VO2peak SR 07.12.19 clean.docx (177.55 kB)
Change in V̇O2peak in response to aerobic exercise training and the relationship with exercise prescription in people with COPD: A systematic review and meta-analysis
journal contributionposted on 2020-02-26, 14:26 authored by Rachael Evans, Thomas Ward, Charles Plumbtree, Thomas Dolmage, Amy Jones, Ruth Tretheway, Phillapa Divall, Sally Singh, Martin Lindley, Michael Steiner
Despite the wide-ranging benefits of pulmonary rehabilitation, conflicting results remain regarding whether people with COPD can improve their peak oxygen uptake (O2peak) with aerobic training.
The goal of this study was to investigate the effect of aerobic training and exercise prescription on O2peak in COPD.
Study Design and Methods
A systematic review was performed by using MEDLINE, Embase, Cumulative Index to Nursing and Allied Health Literature, and Cochrane databases for all studies measuring O2peak prior to and following supervised lower-limb aerobic training in COPD. A random effects meta-analysis limited to randomized controlled trials comparing aerobic training vs usual care was conducted. Other study designs were included in a secondary meta-analysis and meta-regression to investigate the influence of program and patient factors on outcome.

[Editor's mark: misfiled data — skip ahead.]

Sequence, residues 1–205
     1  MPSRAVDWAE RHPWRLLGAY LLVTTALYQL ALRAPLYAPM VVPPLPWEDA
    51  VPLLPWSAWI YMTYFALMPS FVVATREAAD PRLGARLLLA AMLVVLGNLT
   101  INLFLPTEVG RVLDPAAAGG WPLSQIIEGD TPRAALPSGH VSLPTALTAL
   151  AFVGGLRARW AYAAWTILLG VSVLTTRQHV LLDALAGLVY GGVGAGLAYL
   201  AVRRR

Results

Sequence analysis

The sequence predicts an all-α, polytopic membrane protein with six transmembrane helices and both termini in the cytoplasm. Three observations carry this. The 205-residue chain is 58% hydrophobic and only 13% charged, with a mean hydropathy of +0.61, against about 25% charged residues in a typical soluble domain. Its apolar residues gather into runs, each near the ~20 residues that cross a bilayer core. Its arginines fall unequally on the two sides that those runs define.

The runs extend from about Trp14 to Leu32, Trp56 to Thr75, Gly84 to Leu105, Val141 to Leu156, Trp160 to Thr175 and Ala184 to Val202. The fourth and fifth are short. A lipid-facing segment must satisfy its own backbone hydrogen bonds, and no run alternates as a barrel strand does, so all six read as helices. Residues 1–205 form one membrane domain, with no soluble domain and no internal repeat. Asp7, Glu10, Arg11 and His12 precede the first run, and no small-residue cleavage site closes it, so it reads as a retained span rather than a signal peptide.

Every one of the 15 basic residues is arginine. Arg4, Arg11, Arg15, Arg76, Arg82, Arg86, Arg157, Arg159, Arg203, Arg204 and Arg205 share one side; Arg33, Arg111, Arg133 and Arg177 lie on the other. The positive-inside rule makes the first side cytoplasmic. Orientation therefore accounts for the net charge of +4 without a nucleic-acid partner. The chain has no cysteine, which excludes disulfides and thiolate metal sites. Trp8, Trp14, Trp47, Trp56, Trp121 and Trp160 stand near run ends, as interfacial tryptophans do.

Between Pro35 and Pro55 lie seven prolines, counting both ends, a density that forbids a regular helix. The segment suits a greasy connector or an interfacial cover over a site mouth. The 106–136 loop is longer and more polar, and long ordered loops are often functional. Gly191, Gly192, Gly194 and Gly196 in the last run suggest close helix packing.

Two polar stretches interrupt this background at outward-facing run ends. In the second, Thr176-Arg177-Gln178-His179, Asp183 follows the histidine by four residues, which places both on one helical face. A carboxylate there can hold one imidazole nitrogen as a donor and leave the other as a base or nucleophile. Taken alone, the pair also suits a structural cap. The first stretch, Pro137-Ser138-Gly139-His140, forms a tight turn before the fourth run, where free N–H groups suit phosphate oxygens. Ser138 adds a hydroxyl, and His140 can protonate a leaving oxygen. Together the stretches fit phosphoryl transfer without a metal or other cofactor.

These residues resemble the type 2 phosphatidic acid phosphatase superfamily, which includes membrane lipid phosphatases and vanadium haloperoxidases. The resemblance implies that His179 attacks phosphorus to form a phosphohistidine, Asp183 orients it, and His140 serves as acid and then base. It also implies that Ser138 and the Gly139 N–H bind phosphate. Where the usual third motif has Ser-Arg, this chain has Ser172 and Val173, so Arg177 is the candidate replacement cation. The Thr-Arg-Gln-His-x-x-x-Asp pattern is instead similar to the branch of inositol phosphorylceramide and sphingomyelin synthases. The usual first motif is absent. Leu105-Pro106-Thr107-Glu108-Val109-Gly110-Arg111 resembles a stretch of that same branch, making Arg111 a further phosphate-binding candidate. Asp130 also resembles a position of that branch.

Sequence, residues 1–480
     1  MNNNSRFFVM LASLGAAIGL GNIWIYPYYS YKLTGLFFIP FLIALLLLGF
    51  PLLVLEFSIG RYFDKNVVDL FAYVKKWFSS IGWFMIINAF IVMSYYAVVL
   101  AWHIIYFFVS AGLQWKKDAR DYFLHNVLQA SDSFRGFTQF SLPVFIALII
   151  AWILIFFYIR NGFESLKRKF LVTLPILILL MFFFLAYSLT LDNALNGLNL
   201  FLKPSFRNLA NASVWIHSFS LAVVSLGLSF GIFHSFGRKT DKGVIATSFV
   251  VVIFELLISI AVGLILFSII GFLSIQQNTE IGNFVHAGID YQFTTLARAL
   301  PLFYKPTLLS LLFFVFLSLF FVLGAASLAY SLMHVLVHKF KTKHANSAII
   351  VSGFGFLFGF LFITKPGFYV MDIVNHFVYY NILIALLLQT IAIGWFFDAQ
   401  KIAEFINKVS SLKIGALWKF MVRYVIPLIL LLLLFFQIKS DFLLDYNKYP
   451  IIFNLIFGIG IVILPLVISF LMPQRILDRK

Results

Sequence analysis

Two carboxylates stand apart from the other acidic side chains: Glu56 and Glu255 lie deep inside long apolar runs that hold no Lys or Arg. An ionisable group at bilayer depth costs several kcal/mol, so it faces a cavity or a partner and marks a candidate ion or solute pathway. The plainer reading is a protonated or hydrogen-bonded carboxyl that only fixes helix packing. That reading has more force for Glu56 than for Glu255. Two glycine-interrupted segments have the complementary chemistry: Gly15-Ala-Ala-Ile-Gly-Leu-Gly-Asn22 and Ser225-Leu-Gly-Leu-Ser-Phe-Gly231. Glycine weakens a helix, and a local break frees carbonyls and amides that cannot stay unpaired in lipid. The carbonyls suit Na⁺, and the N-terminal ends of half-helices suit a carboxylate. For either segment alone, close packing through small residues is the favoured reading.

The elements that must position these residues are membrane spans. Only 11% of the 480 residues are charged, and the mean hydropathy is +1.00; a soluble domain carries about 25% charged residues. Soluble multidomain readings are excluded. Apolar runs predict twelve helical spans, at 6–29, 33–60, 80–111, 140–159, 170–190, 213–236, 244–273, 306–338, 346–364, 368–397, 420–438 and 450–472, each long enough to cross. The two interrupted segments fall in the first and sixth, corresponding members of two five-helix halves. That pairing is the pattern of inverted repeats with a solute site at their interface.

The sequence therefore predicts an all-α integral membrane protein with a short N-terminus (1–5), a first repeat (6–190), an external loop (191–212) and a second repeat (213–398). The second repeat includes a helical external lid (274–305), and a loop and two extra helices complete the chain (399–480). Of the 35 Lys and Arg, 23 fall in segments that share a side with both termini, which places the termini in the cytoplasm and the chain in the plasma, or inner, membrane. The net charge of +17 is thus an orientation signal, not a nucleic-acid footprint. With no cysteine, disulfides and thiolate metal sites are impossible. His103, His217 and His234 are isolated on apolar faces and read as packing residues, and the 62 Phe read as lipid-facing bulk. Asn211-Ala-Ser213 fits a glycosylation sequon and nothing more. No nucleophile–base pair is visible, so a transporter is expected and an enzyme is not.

A total of 112 studies were included (participants, N = 3,484): 21 controlled trials (n = 489), of which 13 were randomized (n = 288) and 91 were uncontrolled (n = 2,995) studies. Meta-analysis found a moderate positive change in O2peak (standardized mean difference, 0.52; 95% CI, 0.34-0.69) with the intervention. The change in O2peak was positively associated with target duration of exercise session (P = .01) and, when studies > 1 year duration were excluded, greater total volume of exercise training (P = .01). Similarly, the change in O2peak was greater for programs > 12 weeks compared with those 6 to 12 weeks when adjusted for age and sex. However, reported prescribed exercise intensity (P = .77), training modality (P > .35), and mode (P = .29) did not affect O2peak. Cohorts with more severe airflow obstruction exhibited smaller improvements in O2peak (P < .001).
Overall, people with COPD achieved moderate improvements in O2peak through supervised aerobic training. There is sufficient evidence to show that programs with greater total exercise volume, including duration of exercise session and program duration, are more effective. Reduced effects in severe disease suggest alternative aerobic training methods may be needed in this population.
CitationChest, Volume 158, Issue 1, July 2020, Pages 131-144
Author affiliationDepartments of Respiratory Science and Health Sciences
- AM (Accepted Manuscript)